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Wednesday, 16 June 2010

Facebook's Homophobia Continues

Since the previous thread about Facebook's homophobic ad policies got too long, we've decided to launch a new post here.


Update 2
We thought we'd just let this lie, as Facebook were being vague and would probably use some lame "we can predict what our users want" defense. However, we came across the ad shown below, on Facebook, and just had to take this issue back up with them.



Yes. It is ok to subject a gay audience to a picture of a shirtless man surrounded buy 4 bikini clad bimbos. However, Facebook's judicious editors can divine (without even airing an ad) that their gay audience will react negatively to a picture of 2 men in shorts!

So now we've replied to Facebook's last message, saying:
"Our ads are targeting ONLY gay users. Keeping that in mind, I find it near impossible to believe that any gay man would send Facebook negative feedback about a picture of a shirtless man or of two men with their arms across each other's shoulders.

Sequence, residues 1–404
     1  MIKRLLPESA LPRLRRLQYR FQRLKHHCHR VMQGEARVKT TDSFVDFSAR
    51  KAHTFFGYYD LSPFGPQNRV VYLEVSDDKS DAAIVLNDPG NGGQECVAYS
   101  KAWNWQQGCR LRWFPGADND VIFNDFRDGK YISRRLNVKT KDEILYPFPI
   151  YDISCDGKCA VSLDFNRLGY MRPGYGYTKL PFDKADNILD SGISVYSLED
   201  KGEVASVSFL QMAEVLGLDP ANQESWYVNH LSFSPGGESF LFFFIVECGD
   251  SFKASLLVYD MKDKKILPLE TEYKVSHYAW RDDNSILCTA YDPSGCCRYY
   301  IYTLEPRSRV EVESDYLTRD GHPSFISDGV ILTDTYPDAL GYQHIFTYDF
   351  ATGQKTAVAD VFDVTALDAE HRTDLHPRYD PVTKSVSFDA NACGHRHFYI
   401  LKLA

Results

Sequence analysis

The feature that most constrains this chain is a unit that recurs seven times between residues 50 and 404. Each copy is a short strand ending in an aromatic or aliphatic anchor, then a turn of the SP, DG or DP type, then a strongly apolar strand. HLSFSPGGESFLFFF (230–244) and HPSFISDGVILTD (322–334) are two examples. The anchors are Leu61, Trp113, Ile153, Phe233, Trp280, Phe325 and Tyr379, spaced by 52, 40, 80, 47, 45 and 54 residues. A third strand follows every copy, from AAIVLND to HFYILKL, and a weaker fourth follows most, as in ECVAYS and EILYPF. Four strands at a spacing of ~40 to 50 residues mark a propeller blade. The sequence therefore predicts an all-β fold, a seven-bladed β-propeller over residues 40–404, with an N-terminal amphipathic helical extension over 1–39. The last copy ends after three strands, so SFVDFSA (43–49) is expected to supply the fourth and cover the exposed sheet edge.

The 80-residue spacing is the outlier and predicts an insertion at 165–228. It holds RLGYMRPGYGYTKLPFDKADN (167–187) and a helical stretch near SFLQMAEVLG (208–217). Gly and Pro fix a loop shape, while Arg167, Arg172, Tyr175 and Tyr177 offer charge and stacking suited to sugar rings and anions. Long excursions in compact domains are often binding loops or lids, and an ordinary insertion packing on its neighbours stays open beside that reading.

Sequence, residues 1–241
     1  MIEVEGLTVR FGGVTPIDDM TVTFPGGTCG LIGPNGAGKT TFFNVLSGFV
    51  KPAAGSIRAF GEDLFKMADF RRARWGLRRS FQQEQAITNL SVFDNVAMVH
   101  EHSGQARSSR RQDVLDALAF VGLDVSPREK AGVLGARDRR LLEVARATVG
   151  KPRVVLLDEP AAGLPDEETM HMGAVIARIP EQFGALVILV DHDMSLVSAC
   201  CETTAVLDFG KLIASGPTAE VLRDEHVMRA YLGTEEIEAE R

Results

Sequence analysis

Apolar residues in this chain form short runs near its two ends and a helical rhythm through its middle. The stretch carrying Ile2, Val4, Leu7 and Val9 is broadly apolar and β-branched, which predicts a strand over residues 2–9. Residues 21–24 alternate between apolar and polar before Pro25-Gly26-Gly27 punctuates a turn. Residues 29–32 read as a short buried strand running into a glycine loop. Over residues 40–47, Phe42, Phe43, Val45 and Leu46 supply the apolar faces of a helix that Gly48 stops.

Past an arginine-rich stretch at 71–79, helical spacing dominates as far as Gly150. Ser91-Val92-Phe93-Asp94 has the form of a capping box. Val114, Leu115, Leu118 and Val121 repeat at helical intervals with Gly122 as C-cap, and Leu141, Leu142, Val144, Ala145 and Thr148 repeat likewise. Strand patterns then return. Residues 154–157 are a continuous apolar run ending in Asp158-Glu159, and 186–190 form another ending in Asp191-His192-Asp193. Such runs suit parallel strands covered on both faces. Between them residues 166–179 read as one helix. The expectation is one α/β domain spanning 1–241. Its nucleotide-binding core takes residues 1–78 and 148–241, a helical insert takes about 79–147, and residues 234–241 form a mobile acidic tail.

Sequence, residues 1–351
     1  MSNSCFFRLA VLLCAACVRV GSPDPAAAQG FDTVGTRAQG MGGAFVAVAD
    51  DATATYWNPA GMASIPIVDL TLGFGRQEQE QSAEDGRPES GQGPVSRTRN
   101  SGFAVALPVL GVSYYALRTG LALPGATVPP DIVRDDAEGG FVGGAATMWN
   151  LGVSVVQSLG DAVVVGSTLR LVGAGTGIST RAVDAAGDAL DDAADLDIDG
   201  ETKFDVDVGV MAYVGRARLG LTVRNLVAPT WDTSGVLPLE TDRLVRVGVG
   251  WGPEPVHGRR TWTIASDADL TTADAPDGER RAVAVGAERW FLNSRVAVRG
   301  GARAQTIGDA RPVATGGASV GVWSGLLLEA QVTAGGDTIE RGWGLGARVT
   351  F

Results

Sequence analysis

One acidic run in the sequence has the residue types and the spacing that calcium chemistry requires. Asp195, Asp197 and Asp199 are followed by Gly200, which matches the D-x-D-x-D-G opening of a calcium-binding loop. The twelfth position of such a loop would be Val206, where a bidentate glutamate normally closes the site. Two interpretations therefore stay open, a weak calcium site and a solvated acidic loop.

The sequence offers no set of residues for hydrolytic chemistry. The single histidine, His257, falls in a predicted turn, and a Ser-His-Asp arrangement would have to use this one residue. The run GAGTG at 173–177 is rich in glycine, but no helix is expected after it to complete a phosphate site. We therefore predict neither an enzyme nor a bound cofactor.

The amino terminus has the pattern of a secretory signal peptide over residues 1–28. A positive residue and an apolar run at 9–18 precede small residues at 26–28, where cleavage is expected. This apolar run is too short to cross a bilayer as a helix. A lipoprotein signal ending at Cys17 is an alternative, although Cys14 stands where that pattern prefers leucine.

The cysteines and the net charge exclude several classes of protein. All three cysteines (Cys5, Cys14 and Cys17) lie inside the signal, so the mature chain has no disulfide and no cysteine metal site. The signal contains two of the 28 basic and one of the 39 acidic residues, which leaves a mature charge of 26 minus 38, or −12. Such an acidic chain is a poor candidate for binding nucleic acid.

That might be the case with your non-gay audience, if Facebook's heterosexual audience is also extremely homophobic.

However, what I find truly unbelievable is that your system would predict that a gay audience would not mind being subjected to the attached ad, which I have seen throughout the day today, showing an equally scantily clad heterosexual man, with FOUR EVEN MORE SCANTILY CLAD women in his arms.

This convinces me that you have never aired an ad such as ours to a GAY audience but just rely on systemic homophobia, homophobia on the part of your editors or homophobia on the part of your largely heterosexual audience.

I can't wait to hear what poor excuses you'll come up with to disprove that this is anything other than blatant homophobia.

PS: Note that all your responses are being shared publicly, so please think twice before providing yet another lie or half-baked response to my query.

This is a serious issue. Homophobic discrimination is illegal and where we stand right now, Facebook has shown little to contradict a definite homophobic trend where it comes to approving ads on the network.
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